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The Complexity and Need for Evaluation of Planning Agencies
William R. DiPietro  Professor of Economics, Daemen College, Amherst, NY, USA  1/20/2011 5:21:39 AM

  There seems to be a general tendency for modern governments to get bigger, more bureaucratic, and less efficient. Why might this be the case?
Lately, many econometric studies are finding that the size of government in most countries is beyond the optimal level that is needed to provide maximum economic growth. When this condition exists, any further expansion of the government leads to a reduction in the rate of economic growth.
Economic growth is essential for progress. It is economic growth that enables the standard of living to rise. It is through economic growth that surpluses above the basic needs of society become available. These surpluses can, in turn, be used for investment in human capital, physical capital, research, infrastructure, and other important uses thereby creating a virtuous upward investment growth cycle.
 One of the key tenets of economics is that design or structure determines performance. A purely competitive market structure results in better outcomes from the viewpoint of society than monopoly even though business in both cases is conducted by self-interested profit maximizing individuals. Similarly, within the framework of democracy, some governmental designs will be better than others from the social point of view. The question is what type of changes in the structure of the government is needed to move in this positive direction.
A major factor underlying inefficiency in government is that government bureaus, commissions, and programs are not, unlike the private sector, subject to a market test. Government agencies, programs, and departments that have long lost their functionality and purpose continue to exist. In the market place, when a product is no longer in demand because, for instance, it has been supplanted by a superior product, such as was the case with typewriters by computers, the business of the inferior product becomes unprofitable and quickly ceases to exist. Resources are freed from unproductive uses and become available for more valuable pursuits.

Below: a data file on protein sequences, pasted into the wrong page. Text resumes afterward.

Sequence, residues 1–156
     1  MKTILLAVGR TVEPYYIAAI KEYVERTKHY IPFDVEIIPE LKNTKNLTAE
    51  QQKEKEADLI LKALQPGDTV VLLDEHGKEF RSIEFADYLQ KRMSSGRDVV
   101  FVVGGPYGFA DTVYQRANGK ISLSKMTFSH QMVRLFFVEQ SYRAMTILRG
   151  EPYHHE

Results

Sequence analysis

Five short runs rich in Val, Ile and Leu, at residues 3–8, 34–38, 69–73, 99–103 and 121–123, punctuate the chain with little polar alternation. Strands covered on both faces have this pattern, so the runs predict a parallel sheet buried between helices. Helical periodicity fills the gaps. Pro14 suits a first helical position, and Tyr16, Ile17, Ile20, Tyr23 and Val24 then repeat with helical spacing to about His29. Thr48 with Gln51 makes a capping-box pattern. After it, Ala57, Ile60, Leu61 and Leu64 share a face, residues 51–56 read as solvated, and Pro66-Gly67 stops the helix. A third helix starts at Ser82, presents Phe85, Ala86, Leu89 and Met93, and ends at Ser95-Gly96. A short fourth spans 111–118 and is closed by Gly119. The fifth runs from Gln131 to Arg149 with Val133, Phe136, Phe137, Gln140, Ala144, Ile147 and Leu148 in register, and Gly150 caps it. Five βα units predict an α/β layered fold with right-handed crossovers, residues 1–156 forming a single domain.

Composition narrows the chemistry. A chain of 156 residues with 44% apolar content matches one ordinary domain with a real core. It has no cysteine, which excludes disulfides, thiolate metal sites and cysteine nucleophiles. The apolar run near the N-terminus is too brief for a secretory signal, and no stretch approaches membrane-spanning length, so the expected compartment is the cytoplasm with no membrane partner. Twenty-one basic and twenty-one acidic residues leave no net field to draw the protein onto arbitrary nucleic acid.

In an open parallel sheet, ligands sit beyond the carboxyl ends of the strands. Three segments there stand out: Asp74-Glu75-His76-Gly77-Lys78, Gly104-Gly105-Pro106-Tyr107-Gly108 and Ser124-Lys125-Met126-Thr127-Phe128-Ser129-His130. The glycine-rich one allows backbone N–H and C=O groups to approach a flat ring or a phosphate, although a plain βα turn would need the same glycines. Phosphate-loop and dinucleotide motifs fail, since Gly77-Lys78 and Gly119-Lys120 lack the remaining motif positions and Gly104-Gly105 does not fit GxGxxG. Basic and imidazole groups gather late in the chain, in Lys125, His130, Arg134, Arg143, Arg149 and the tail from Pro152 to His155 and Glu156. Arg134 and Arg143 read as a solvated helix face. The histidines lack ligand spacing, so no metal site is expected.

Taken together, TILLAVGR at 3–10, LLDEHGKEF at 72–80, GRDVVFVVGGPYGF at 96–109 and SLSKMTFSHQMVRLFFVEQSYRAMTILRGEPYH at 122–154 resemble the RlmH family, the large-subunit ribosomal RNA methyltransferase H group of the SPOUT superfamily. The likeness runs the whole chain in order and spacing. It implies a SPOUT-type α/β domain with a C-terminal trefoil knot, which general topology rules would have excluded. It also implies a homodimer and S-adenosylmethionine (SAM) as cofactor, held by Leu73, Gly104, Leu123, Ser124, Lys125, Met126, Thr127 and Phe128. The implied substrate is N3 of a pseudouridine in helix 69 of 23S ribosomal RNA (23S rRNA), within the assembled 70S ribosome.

Grapevines, roses, fruit trees, and other plants need pruning on a continual basis to be healthy and to bear abundant fruit. Similarly, the government needs to trim off ineffective parts of its body so as not to develop into a cumbersome, burdensome, useless social entity. How might this be accomplished? One possibility is that anytime there is a legislative establishment of a new body, agency, or government commission for some purpose, that at the very same time legislation is enacted that the newly created body, agency, or commission will be automatically discontinued or cease to exist in a specified number of years, unless it is proven at a reasonable time prior to its anticipated dissolution, to still be important. In other words, all agencies, commissions, and bureaus, of the government should be considered as temporary, and there should be a general felt consciousness by the public and by government employees of their temporary nature. Everyone, most especially those working in the agencies, must have an understanding that agencies are for public service and will only continue to exist as long as they have a worthwhile future from the point of view of society as a whole. A second possibility is for the government to do an entire comprehensive evaluation of all agencies on a periodic basis with each and every agency’s continued existence contingent on their worth at the time of the evaluation. 
Even if future evaluation of government agencies is predetermined at inception or there is a periodic general evaluation of all government agencies, a major problem, perhaps even an insurmountable one, is that, the evaluation of government functions, especially in democracies, is extremely difficult, and, the pruning, the winnowing down of the government and the elimination of agencies deemed no longer to be effective is even more difficult.